The Covered California Board of Directors met on May 12, 2016 in Sacramento. Covered California presented their proposed 2016-17 budget and associated program changes, including a health plan assessment level of 4% for the individual market and 5.2% for the small business market, the closing of the Contra Costa Public Service Center, and a reduction in funds to the Navigator Program. Additionally, PricewaterhouseCoopers reported its findings from a market analysis of the Covered California individual market for 2016-2022. Finally, Covered California announced the completion of a series of special enrollment kickoff meetings that took place in April, and highlighted significant enrollment growth in Covered California for Small Business.
2016 Special Enrollment Outreach Kickoff Meetings
Covered California hosted thirteen special enrollment outreach kickoff meetings in the month of April (Graph 1). Over 600 certified agents and navigators attended the meetings. The meetings included a review of open enrollment numbers, policies, strategies, and best practices to use during the special enrollment period and various enrollment tools and resources available. Covered California reported receiving a lot of positive feedback from meeting participants.
Graph 1: Map of Special Enrollment Outreach Kickoff Meetings
Source: Covered California Executive Director’s Report, May 12, 2016
Covered California for Small Business
Covered California reported that Covered California for Small Business is seeing tremendous sales growth. Sales are up 83% from 2014 to 2015 and the number of selling agents is up 70%. Additionally, Covered California reported first quarter sales added 4,942 new covered lives, reaching 126% of the goal set for the quarter.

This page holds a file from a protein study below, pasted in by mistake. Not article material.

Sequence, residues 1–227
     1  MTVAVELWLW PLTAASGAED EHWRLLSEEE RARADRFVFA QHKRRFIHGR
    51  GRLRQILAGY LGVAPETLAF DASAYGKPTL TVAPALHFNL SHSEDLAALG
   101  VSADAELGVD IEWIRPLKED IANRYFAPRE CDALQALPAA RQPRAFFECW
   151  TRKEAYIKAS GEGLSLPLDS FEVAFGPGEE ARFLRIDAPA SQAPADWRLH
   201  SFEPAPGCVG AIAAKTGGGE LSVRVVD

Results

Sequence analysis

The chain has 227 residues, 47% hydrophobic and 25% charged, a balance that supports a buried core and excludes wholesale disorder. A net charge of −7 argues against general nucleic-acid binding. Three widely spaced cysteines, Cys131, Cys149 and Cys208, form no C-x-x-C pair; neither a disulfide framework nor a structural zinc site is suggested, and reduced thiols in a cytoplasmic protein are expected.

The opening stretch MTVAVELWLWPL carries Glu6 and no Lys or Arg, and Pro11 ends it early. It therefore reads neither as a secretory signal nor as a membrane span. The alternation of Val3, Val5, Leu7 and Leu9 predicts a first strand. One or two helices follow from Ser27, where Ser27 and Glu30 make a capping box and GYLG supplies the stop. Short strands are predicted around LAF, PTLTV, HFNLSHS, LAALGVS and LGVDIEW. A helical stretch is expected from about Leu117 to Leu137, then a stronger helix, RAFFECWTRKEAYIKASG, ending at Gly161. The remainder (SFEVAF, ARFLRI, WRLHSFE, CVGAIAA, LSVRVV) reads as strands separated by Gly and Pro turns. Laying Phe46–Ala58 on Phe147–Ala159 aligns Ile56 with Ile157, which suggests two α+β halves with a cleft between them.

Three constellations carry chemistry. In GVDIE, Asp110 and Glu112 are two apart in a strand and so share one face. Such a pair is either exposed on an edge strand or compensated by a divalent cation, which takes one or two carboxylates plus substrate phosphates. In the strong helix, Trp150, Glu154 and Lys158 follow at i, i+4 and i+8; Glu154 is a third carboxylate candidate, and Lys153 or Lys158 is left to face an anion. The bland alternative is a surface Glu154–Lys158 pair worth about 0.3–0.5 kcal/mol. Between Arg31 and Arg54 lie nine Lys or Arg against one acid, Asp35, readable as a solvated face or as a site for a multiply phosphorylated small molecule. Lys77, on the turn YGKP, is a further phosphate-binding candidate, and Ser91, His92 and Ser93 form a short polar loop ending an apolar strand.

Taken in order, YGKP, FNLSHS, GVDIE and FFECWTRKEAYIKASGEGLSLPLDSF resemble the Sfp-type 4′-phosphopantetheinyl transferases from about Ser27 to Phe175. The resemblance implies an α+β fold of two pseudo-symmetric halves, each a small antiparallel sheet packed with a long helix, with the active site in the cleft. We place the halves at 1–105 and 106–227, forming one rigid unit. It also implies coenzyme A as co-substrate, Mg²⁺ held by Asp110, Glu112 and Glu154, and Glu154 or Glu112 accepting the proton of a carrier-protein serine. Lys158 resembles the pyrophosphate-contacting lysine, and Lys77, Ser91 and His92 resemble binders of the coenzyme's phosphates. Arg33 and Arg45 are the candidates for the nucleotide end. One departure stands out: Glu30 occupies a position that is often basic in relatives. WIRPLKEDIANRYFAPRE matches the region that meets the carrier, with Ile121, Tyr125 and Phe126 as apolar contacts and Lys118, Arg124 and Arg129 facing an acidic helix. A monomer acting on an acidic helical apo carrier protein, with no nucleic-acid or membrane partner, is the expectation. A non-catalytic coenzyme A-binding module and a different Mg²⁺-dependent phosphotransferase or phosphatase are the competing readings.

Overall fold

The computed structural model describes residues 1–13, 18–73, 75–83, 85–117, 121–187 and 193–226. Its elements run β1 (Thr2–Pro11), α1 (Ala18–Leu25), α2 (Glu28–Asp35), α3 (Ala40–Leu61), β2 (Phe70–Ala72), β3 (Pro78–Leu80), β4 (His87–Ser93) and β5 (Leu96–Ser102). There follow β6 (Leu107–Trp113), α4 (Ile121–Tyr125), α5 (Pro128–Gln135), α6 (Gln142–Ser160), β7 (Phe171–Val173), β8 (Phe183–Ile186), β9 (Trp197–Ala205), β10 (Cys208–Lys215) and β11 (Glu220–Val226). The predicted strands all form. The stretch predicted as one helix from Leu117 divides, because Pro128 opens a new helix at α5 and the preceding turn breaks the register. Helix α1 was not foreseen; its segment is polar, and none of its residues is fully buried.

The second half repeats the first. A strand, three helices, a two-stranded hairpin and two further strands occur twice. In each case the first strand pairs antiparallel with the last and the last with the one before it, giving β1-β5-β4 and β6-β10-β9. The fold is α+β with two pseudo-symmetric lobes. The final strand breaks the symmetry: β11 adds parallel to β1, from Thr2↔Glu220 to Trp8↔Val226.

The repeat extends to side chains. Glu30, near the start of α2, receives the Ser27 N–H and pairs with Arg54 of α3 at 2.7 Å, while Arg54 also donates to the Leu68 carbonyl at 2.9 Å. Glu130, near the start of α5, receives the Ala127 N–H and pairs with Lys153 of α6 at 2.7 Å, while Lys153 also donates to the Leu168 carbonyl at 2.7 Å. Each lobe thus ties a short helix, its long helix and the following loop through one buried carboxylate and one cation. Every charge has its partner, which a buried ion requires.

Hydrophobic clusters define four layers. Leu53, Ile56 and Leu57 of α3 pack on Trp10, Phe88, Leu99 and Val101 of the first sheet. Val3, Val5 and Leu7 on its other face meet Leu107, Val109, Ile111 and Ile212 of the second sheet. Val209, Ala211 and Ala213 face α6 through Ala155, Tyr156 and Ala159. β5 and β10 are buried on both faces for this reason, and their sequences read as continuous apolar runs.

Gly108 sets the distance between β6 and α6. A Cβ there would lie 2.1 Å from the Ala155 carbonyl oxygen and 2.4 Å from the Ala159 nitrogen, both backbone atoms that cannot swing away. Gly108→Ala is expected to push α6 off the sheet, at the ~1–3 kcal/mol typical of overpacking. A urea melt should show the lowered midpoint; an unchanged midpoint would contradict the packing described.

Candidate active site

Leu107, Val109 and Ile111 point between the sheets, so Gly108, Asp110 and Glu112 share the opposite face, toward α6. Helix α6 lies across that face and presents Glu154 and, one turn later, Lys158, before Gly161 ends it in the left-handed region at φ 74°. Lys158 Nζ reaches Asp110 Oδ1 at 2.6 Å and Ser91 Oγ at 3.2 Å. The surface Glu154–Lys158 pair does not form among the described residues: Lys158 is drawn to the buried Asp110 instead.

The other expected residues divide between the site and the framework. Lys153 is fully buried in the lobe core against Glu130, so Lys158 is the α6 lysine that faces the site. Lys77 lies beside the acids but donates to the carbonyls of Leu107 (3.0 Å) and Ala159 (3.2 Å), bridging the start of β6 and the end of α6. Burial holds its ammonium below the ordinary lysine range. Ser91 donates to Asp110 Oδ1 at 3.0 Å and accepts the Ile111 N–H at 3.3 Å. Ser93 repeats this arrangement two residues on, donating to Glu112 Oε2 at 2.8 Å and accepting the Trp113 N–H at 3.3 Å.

Enrollment in Covered California for Small Business through March 31, 2016 is 3,663 small business groups covering 27,467 members with an average group size of 7.5 employees.
2016-2022 Market Analysis and Planning
PricewaterhouseCoopers (PwC) presented the results of a market analysis for 2016-2022 conducted for Covered California. PwC reviewed enrollment and enrollment projections, and modeled ten policy and market change scenarios (such as enactment of the minimum wage in California, changes in unemployment, and potential federal policy changes in the Affordable Care Act [ACA]) that could affect Covered California enrollment in the future. PwC evaluated Covered California fiscal stability based on models related to average tenure and the revenues generated by health plan fees based on enrollment.
Overall, PwC found that Covered California enrollment is likely to remain relatively flat (between 1.1 million and 1.8 million) over the next five years, but could grow if Covered California seizes specific opportunities to manage turn-over, churn and retention. PwC noted that the individual market, characterized by significant numbers of individuals coming in and out of coverage (churn) prior to the ACA, remains a churning market post-ACA. To ensure just minimal growth, Covered California must newly enroll 700-800,00 and re-enroll 800-900,000 annually to account for the level of churn in the market.
Other highlights of the report include:
- Acquisition costs. Individual market acquisition costs (the average costs to acquire and enroll new customers) are lower as a percent of total premiums than before ACA implementation. Overall acquisition costs decreased from 7.6% of premiums to 5.8% in the individual market. Acquisition costs in the post-ACA market are comprised of 6.6% from Covered California channels and 4.9% from other channels. In order to increase its acquisition spend, PwC concluded that Covered California will need to improve its cost structure, become more efficient, or increase revenue.